In addition, the development of long-range strike systems capable of reaching Israel, and the acquisition of a credible retaliatory capability has led to the emergence of an uneasy deterrent relationship between Iraq and Israel. Israel now has to consider that a preventive strike against Iraq could prompt retaliation, producing unacceptable losses. Iraq's strategic deterrent thus provides a protective umbrella for its nuclear weapons program. As a result, diplomacy and covert action might be Israel's only viable options for disrupting or delaying Iraq's nuclear weapons program.

Finally, although Israel's capacity for massive retaliation is likely to deter Iraq from openly provoking Israel, there are a number of factors which could cause Iraq to miscalculate, or lead to an unintended clash with Israel and undermine this uneasy deterrent relationship:

  • Iraq's growing military involvement in Jordan, and the presence of Iraqi pilots there creates the potential for a clash between Iraqi and Israeli aircraft which regularly overfly Jordan.

  • Iraq has offered a deterrent umbrella to any Arab state that requests it. Thus, an Israeli military action anywhere in the region could potentially trigger an Iraqi response.

  • Deterred from direct action by Israel's retaliatory capability, Iraq could resume its support for international terrorism as a means of indirectly striking at Israel, thereby prompting Israeli retaliation.

  • Iraq's President Saddam Hussein has reportedly authorized military commanders to retaliate in the event of an Israeli strike, raising questions about the potential for uncontrolled escalation during a crisis.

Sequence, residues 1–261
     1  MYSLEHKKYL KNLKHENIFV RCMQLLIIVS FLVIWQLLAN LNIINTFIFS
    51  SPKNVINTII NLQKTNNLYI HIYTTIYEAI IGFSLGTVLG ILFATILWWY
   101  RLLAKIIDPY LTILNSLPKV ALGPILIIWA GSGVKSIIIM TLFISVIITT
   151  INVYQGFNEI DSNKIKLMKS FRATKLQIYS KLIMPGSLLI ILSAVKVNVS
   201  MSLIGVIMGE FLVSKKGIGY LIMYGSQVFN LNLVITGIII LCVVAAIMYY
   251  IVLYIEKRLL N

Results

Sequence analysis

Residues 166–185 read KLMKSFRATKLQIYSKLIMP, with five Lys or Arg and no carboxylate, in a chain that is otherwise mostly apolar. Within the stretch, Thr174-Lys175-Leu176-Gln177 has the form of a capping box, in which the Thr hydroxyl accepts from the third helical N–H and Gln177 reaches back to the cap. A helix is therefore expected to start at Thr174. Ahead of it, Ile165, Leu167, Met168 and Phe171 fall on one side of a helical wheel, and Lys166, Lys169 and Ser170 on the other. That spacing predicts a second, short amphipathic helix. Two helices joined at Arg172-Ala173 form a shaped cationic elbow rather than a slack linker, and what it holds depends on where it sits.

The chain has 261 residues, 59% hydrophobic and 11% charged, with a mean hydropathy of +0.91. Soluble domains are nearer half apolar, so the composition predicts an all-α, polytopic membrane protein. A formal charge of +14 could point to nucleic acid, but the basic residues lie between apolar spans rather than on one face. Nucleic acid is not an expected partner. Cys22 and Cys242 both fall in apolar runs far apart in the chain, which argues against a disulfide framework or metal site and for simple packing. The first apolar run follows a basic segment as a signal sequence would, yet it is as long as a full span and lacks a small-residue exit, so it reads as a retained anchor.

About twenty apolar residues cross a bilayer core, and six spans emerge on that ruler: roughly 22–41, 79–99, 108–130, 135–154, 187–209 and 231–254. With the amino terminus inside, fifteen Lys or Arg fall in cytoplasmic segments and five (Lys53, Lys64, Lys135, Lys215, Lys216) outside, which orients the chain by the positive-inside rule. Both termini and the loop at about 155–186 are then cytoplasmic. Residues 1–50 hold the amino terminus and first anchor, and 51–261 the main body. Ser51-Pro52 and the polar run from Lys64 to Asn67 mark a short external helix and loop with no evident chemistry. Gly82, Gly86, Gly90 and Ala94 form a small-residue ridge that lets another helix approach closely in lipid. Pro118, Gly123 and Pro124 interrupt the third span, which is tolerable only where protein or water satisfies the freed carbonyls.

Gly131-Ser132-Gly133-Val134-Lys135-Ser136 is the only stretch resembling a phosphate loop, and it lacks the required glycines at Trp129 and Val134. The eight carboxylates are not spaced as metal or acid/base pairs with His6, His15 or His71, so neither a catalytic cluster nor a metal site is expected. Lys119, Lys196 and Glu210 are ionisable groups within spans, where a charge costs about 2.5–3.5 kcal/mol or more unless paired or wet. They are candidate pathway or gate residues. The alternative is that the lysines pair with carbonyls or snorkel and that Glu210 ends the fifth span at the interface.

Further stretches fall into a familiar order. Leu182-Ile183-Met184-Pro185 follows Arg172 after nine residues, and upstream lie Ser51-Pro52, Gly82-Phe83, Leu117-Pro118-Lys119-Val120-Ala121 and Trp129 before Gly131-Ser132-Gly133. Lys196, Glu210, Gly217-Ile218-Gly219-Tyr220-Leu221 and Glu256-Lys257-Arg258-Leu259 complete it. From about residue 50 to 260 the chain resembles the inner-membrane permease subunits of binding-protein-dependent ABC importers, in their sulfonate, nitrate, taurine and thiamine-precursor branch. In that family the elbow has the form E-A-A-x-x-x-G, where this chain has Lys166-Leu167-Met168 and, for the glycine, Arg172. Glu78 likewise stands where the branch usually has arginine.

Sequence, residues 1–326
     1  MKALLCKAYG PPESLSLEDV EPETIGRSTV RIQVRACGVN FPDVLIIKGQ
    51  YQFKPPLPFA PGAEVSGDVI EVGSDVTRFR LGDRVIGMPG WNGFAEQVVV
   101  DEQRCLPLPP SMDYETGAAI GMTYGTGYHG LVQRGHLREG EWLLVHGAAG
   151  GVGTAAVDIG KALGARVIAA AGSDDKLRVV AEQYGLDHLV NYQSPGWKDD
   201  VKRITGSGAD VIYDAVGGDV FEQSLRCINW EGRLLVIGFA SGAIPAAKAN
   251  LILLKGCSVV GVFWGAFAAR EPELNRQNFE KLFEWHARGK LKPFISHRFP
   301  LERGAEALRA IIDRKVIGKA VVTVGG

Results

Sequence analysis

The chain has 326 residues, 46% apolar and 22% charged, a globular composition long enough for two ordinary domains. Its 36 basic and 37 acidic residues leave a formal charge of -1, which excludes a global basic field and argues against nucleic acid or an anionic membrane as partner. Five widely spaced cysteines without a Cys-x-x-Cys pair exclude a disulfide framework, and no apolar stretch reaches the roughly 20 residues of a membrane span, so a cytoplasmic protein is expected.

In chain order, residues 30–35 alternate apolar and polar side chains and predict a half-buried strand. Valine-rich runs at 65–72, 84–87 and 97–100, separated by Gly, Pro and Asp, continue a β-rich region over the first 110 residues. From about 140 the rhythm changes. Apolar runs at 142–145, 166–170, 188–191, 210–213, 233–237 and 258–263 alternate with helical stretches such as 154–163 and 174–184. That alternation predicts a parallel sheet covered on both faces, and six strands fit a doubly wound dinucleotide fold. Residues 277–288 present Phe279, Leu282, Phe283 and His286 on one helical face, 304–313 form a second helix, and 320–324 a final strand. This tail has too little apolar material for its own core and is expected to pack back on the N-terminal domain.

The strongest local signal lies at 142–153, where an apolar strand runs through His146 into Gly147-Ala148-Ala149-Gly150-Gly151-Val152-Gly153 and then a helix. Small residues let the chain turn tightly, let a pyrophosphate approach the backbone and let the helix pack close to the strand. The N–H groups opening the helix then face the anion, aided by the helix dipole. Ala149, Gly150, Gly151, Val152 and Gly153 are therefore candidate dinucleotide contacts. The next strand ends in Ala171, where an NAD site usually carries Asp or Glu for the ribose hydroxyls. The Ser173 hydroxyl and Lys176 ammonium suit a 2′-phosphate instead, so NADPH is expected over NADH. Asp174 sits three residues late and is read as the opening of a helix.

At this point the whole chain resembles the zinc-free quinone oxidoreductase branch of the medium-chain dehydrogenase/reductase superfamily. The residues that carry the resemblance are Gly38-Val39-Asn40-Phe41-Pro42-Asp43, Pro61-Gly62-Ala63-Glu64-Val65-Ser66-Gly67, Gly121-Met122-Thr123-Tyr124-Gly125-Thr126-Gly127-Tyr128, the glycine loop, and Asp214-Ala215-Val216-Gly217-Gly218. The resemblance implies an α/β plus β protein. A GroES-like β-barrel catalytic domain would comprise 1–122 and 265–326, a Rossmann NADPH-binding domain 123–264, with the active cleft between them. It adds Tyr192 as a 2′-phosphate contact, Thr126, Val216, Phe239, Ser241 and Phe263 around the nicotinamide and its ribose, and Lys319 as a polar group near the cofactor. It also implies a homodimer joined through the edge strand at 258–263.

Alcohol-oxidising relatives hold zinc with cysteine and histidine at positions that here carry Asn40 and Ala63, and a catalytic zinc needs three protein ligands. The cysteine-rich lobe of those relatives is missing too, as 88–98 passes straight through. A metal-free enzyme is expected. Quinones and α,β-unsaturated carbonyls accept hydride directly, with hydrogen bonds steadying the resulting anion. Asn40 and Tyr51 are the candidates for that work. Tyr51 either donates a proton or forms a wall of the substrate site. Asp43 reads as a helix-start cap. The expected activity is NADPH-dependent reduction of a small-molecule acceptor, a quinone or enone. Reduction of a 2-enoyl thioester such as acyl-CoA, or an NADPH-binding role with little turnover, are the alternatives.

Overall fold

Due to Iraq's increasingly activist regional policies, the heightened potential for a clash between Iraq and Israel, and the possibility of miscalculation, the U.S. needs to develop a policy for dealing with this new situation. The U.S. should pursue a dual-track policy in dealing with Iraq, consisting of the:

  • Definition of "red lines" to deter Iraq from destabilizing initiatives which could lead to a clash, without aggravating Iraqi fears or feeding its belief that it is about to be attacked.

  • Quiet cultivation of an ongoing dialogue between Iraq and Israel to reduce tensions, and minimize the likelihood of a miscalculation.

In addition, as a long-term goal the U.S. should attempt to broker a set of tacit arrangements between Iraq and Israel, similar to those which have long helped to regulate conflict between Israel, and neighboring countries such as Syria and Jordan. Such an achievement would not only have immediate benefits, in terms of reducing regional tensions and the likelihood of a clash, but it would have long-term benefits as well, by creating a stable, predictable framework of relations between the two countries that could help ease the transition to a balance of mutual nuclear deterrence, in the event that Iraq eventually acquires nuclear weapons.